“I remember how in the village they would often pity my parents, with no sons and three daughters. My mother would always tell us to do something to prove the critics wrong, and we did. Both my sisters have jobs in the Central Industrial Security Force and Border Security Force, and I am a boxer,” 23-year-old boxer Lovlina Borgohain told Indian Express after being honoured with the Arjuna Award last year.
Today, Lovlina—the first woman from Assam to qualify for the Olympics—has assured a medal for India at the world’s biggest sporting event in Tokyo.
Becoming the second Indian to win a medal at the Tokyo Olympics (after Mirabai Chanu), Lovlina ensured at least a bronze for herself by defeating Nien-Chin Chen of Chinese Taipei in the quarterfinals of the 69 kg women’s welterweight boxing.
Here’s the story of her inspiring journey from the small village of Bara Mukhia in Assam’s Golaghat district.
Lovlina was born to Mamoni and Tiken Borhohain, a small-time businessman. She was in Class 5 when her father showed her a newspaper clipping of the legendary Muhammad Ali.
That got her hooked to boxing, but she was first trained in Muay Thai, a form of kickboxing.
During boxing trials at her high school, her skills impressed Padum Boro (a coach from Guwahati), who asked if the talented young girl would like to go to Guwahati to train under the Sports Authority of India. She agreed and hasn’t looked back since.
Lovlina’s big break came in 2018 when she bagged bronze at the AIBA Women’s World Boxing Championships. This led to her being selected in the Indian women’s boxing team for the 2018 Commonwealth Games.
But a disappointing loss at CWG 2018 made Lovlina retrospect and focus on building her psychological strength. The girl from Assam joined meditation classes while fine-tuning her counter-attack technique.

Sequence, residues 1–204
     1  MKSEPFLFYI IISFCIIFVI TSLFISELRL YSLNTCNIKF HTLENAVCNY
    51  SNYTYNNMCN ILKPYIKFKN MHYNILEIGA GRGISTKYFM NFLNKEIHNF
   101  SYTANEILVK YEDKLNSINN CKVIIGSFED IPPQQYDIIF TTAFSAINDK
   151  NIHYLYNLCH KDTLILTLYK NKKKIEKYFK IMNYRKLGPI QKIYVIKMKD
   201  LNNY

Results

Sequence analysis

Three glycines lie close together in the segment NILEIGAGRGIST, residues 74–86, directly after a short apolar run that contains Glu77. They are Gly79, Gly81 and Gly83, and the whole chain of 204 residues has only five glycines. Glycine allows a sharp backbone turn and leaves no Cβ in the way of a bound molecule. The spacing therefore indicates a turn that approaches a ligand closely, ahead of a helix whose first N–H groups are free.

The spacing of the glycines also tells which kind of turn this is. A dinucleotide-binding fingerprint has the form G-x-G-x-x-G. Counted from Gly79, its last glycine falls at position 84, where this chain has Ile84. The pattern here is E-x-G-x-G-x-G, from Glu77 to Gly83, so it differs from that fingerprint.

Her efforts paid off. In 2019, she won another bronze medal at the AIBA Women’s World Boxing Championships. She also became World No. 3 in the 69 kg category.
All this helped her inch closer to her biggest dream, to represent India at the Tokyo Olympics.
She finally sealed her spot at the Olympics in early 2020, when she defeated Uzbekistan’s Maftunakhon Melieva in the quarterfinals of the Asian Olympic qualifiers.
“My father always wanted me to go to the Olympics, it’s a dream come true for him. When I called them, they all started crying. But I am not content with only an Olympic berth. I want to win gold,” Lovlina told Times of India after her qualification.
The fact that she will be returning with a medal from Tokyo means the world for the 2,000-odd residents of Baro Mukhia, Lovlina’s village.
This could mean the arrival of basic facilities such as a piped water supply and a concrete road to the village that is still connected with the rest of the world by a muddy track.
Baro Mukhia also depends on tube wells and ponds for its water supply, and the nearest hospital can be found in the district headquarters, 45 km away.
The hopeful villagers have witnessed the fate of the villages of Hima Das and Mary Kom change after their wins at the international level and perhaps await their own destiny.
(Feature image source: Instagram; Edited by Yoshita Rao)
We at The Better India want to showcase everything that is working in this country. By using the power of constructive journalism, we want to change India – one story at a time. If you read us, like us and want this positive movement to grow, then do consider supporting us via the following buttons:
Let us know how you felt